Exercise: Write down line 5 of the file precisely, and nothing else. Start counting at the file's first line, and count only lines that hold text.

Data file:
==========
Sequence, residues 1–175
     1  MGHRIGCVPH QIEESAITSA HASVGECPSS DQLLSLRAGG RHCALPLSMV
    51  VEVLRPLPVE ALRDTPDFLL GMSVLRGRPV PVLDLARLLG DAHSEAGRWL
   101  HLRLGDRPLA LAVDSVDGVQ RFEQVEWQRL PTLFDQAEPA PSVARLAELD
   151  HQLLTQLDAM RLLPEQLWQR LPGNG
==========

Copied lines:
   151  HQLLTQLDAM RLLPEQLWQR LPGNG